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forces that, in addition to the electrostatic part appearing in Coulomb's law, are dependent on the velocities of the charges involved. Theories based on this type of assumption became quite successful, and their gravitational equivalents became the subject of scrutiny. One such law, based on the electrodynamic law of Wilhelm Weber, expressed the magnitude of gravitational attraction between bodies a distance, r , apart as

In the electrodynamic context, h had been measured and determined to be almost exactly times the speed of light.

If this gravitation law is applied to the perihelion problem, it produces an advance of just over 6" per century for Mercury. However, if one treats h as a parameter that takes a different value in the theory of gravity from that which it has in the electrodynamic theory, the whole of the anomalous advance of the perihelion of Mercury can be reproduced by taking h = 174 000 ms-1. The use

Michell (the 'father of seismology') began his scientific career as a geologist and, following the Lisbon earthquake of 1755, published a paper on the causes of such phenomena. It was in the context of geology that he designed his experiment to determine the density of the Earth. Later, he became interested in astronomy and here also he made significant contributions. He used a statistical analysis to show that the number of double stars observed was more than could be expected if they were just chance alignments of stars. He concluded that most such combinations were, in fact, pairs orbiting each other. Michell also hypothesized the existence of massive stars from which light could not escape but the presence of which could be inferred from the effect of their gravity on other stars - black holes as we would now call them.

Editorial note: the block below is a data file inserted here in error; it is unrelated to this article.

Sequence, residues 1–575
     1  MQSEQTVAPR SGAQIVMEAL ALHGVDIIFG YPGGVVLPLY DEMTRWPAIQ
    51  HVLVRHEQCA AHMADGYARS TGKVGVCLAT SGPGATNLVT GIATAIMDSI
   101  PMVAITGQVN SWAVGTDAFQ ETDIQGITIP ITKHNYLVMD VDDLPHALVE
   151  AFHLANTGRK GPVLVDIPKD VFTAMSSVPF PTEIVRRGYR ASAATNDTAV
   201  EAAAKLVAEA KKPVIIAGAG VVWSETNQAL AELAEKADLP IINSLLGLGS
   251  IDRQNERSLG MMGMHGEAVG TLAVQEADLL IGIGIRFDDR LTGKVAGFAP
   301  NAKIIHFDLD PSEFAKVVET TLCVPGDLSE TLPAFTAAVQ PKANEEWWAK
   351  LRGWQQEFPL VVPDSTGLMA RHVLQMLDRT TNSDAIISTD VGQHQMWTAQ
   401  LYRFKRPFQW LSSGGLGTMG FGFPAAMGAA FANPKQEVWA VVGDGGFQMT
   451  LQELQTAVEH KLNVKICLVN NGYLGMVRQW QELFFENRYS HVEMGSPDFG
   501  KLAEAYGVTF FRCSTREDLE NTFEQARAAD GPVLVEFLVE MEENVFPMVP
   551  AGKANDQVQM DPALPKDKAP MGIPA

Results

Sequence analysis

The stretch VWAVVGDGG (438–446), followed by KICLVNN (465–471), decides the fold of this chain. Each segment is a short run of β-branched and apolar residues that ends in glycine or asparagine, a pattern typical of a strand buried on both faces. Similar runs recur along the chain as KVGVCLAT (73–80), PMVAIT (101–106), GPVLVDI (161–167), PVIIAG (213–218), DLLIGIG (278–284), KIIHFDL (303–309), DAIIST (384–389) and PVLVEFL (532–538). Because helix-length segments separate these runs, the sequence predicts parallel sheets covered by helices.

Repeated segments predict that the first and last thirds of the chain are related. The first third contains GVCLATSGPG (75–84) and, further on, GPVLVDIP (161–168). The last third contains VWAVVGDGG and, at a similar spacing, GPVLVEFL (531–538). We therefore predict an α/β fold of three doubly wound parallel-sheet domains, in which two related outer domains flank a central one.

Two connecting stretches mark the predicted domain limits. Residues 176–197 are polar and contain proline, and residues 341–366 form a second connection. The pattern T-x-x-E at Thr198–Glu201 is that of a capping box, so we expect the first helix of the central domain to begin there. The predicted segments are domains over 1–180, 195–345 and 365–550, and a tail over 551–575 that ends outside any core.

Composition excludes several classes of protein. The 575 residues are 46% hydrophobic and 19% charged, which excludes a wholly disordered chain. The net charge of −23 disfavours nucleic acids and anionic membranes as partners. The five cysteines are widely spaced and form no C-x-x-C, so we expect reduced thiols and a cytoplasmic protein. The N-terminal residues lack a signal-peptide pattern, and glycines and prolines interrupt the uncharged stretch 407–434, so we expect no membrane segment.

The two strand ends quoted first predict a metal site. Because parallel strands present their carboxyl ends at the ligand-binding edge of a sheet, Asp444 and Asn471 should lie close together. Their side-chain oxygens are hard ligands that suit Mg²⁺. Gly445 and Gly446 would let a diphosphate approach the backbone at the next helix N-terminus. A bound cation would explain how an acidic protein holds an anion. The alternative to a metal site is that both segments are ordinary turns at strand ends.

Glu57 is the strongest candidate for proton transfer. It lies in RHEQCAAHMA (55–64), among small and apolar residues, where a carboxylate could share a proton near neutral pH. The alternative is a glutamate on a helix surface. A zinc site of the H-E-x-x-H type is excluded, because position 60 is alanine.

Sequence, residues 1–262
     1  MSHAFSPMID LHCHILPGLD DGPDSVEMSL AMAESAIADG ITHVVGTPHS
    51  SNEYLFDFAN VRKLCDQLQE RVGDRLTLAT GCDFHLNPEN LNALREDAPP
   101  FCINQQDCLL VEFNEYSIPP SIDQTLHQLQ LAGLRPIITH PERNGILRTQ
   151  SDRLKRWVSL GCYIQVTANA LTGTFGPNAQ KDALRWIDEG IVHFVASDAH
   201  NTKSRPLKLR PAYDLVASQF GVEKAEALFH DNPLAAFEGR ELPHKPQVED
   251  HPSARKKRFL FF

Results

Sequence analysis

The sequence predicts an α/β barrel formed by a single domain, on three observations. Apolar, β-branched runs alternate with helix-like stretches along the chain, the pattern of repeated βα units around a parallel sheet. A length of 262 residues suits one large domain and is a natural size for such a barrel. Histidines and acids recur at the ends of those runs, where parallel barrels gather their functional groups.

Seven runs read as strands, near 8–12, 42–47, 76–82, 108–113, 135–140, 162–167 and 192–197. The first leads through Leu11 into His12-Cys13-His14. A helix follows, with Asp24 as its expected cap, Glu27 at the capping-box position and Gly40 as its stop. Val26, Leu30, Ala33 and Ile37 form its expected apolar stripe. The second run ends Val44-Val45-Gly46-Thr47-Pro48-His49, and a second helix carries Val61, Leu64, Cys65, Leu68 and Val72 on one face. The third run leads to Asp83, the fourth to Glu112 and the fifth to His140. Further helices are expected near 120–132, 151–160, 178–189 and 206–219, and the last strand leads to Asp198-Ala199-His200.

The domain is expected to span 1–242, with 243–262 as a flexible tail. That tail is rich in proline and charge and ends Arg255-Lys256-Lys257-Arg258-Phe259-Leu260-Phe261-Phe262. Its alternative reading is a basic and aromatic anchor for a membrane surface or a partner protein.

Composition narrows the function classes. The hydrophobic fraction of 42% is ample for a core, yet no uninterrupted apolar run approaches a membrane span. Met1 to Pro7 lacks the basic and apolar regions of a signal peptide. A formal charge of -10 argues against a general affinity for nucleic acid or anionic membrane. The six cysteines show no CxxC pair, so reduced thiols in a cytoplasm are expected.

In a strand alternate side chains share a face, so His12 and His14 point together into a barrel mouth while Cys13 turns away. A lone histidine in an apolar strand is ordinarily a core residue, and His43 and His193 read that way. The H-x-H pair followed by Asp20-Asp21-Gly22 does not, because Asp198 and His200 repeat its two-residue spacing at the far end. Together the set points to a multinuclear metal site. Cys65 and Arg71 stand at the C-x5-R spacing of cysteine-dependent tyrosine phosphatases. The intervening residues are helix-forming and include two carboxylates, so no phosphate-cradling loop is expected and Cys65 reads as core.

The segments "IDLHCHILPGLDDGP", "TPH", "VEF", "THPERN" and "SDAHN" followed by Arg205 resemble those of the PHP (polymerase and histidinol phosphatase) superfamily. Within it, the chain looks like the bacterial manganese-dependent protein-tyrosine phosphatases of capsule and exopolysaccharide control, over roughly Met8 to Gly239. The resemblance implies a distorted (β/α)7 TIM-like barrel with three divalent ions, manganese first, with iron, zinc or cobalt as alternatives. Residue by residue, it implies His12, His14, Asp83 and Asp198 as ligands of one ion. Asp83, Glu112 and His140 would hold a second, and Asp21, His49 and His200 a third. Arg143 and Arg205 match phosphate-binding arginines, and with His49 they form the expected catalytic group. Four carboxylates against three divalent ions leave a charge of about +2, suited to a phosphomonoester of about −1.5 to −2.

A detailed history of nineteenth-century electrodynamical theories can be found in Whittaker (1951).

The first to claim that the law of electrical attraction had the same form as that for gravity appears to have been Joseph Priestley in 1767, based on the absence of electrical force inside a charged spherical shell, though the inverse square nature of the attraction had been suspected earlier by Daniel Bernoulli (Whittaker (1951), p. 53). The first person to measure the force directly was Charles Coulomb.

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